Because Whistler is one of the most popular dining destinations in all of Canada.

At that precise moment, the cork pops out of the bottle and flies into the air, creating an enormous cloud of fizzy champagne. Andre Saint-Jacques, the chef and owner of Bearfoot Bistro in Whistler, Canada, has just taught me the art of Sabrage, which is the art of slicing the cork out of a Champagne bottle with a sharp sword. A bartender used liquid nitrogen to create an ice-cold martini to kick off the evening’s festivities, which was served to guests. In between the main courses, the guests were served truffle carbonara, foie gras with brioche, and black cod with caviar as appetizers. As I prepare to don my full-length Canada Goose parka in preparation for a vodka tasting in the restaurant’s Ice Room, a -32C freezer lined with ice block insulating material, I notice that the temperature has dropped to -32C.

Whether you think it’s excessive or not, it certainly isn’t. Wow, that is absolutely stunning. If Bearfoot Bistro were a franchise, it would be the official restaurant of Cirque de Soleil.

There are plenty of high-end restaurants in Whistler, which is one of the best ski resorts in the world, but there are also plenty of more modest establishments where you can save money while still enjoying the finer things life has to offer.

For the price of one Bearfoot Bistro “Above the Clouds” Champagne cocktail (made with Remy Martin Louis XIII cognac, Dom Pérignon, and a bitter sugar cube), you can get 43 chicken schnitzel sandwiches at Ingrid’s Village Café. Since its inception in 1986, Ingrid’s has established itself as a landmark in the community for the high quality of its home-style cooking. While it may appear to be an unassuming neighborhood eatery that serves breakfast sandwiches, subs, and hamburgers, the quality of its home-style cooking has elevated it to the status of an institution.

When compared to Village Sushi, it is a year younger in terms of age. It was shocking to the community when rumors began to circulate last year that their favorite Japanese restaurant would be closing its doors. Other than in Japan, they were unable to locate agedashi tofu, takoyaki, or supple sashimi anywhere else.  Each of these establishments serves excellent sushi, and cities east of the Coast Mountains would be delighted to have either of these establishments as part of their culinary landscape. There are several reasons why Village Sushi stands out from the crowd. Although it appears to be an office at first glance, the fish is always fresh and the atmosphere in this open-plan restaurant is always festive.

Araxi Restaurant and Oyster Bar, the most opulent dinner party in the village, is just around the corner. Every year, during the Cornucopia culinary festival, Chef James Walt and Araxi’s wine director Jason Kawaguchi collaborate to present the Araxi Big Guns dinner, a no-holds-barred extravaganza featuring some of the world’s finest wines. Caviar, Barbaresco, black truffles, petit fours, and vintage Port are just a few of the delicacies that will be on display. It is always a memorable experience to dine at Araxi, and the emphasis on locally sourced ingredients and a wine list that includes more than 11,000 labels makes it feel like a worthwhile investment of both time and money.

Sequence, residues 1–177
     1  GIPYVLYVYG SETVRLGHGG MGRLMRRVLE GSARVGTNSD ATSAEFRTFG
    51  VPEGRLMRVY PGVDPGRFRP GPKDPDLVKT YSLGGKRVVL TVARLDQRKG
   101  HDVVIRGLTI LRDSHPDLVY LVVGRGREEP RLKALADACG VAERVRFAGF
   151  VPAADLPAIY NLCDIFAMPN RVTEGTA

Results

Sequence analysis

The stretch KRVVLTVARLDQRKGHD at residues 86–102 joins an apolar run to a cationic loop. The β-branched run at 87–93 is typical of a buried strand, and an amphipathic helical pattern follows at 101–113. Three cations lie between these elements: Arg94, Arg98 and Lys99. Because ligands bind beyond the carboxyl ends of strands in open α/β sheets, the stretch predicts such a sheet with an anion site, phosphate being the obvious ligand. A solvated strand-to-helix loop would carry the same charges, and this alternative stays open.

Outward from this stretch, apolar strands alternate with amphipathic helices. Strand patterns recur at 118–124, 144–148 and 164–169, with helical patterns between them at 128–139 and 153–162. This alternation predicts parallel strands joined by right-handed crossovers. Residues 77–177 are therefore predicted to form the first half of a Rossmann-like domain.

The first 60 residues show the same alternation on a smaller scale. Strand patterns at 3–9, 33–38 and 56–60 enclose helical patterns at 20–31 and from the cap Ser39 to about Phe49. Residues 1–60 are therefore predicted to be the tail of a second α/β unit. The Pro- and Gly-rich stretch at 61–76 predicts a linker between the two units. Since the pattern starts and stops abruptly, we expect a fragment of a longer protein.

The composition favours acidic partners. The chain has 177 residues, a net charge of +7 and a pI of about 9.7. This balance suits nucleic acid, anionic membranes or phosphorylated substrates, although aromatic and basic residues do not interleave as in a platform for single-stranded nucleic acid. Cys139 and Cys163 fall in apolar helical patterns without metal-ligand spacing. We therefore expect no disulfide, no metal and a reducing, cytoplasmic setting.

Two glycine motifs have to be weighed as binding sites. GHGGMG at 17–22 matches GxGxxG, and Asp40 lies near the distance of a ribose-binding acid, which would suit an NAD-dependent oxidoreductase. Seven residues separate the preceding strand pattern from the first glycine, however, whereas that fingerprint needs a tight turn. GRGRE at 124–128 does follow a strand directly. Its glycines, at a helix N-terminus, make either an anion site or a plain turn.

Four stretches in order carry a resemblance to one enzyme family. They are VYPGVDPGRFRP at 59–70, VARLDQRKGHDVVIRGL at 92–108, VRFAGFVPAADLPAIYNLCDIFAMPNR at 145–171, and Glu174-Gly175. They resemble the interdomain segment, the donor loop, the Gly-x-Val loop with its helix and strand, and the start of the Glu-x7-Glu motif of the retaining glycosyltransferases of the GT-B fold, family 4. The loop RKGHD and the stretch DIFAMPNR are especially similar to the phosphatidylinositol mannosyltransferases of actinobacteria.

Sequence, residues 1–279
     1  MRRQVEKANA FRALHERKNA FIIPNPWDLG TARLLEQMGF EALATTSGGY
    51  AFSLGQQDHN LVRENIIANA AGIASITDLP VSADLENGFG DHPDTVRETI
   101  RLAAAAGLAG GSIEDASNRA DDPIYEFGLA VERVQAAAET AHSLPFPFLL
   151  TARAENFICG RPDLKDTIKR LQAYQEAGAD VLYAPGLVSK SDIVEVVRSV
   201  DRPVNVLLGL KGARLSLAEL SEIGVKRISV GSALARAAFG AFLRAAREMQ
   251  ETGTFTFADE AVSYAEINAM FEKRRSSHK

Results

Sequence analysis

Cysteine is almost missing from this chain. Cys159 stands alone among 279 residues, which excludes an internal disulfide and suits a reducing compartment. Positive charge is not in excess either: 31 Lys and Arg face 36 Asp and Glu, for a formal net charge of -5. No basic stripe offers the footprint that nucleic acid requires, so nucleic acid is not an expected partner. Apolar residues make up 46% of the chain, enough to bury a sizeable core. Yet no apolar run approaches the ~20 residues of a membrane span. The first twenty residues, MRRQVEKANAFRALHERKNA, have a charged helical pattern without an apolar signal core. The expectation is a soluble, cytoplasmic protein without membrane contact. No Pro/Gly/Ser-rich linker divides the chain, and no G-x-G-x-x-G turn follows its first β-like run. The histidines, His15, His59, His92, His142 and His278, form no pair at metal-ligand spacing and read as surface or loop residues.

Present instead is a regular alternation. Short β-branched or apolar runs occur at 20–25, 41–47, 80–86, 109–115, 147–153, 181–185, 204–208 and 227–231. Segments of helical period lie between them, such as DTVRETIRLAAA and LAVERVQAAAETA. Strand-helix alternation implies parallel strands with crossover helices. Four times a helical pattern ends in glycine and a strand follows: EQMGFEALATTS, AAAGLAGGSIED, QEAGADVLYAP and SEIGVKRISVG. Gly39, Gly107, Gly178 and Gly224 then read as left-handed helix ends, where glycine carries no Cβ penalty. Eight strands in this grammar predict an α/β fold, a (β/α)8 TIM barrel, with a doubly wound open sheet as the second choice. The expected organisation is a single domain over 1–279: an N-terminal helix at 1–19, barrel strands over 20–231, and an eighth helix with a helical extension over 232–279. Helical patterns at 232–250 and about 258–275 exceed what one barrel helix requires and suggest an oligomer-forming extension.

There are numerous opportunities to go over budget while on the mountain. Located at the summit of Blackcomb Gondola, Christine’s Restaurant provides full-service fine dining with panoramic alpine views that have been described as “breathtaking, awe-inspiring, and jaw-dropping.” That last one isn’t used very often, but in this case it is effective. With the view as their backdrop, the grilled duck salad and charred shortrib with marinated kale and chocolate Nutella truffles almost compete for visual appeal.

Christine’s allure is undeniable, but when you’re wearing ski boots, it’s difficult to appreciate fine dining at the best of times. Therefore, I prefer to eat at one of the mountainside quick service restaurants, which are more reasonably priced than the fine dining establishments. The Rendezvous Cafeteria, which is located in the same building as Christine’s Cafeteria, offers reasonably priced rice bowls, burritos, and burgers. A short walk from the Crystal Chair is the Crystal Hut, which serves hearty meals such as loaded Belgian waffles and Buffalo stew for less than $20 per person.

In Whistler, it is not always a good idea to choose the cheapest option available. The Wildlflower Restaurant at the Fairmont Whistler’s Portobello Market is a better option for a lavish buffet spread than the Portobello Market’s breakfast bowls and sugar waffles, which are both fine options. What about a carving station for ham or smoked fish, or a station where guests can make their own omelettes? Yes, you will be able to locate those items as well. The $38 buffet at the restaurant of one’s choosing is not an endorsement of overindulgence, but a hungry diner could easily get their money’s worth and more from it.

Learning to open a Champagne bottle with a saber while on a ski vacation is something that can’t be quantified, but there are some experiences that can’t be missed while on the slopes.

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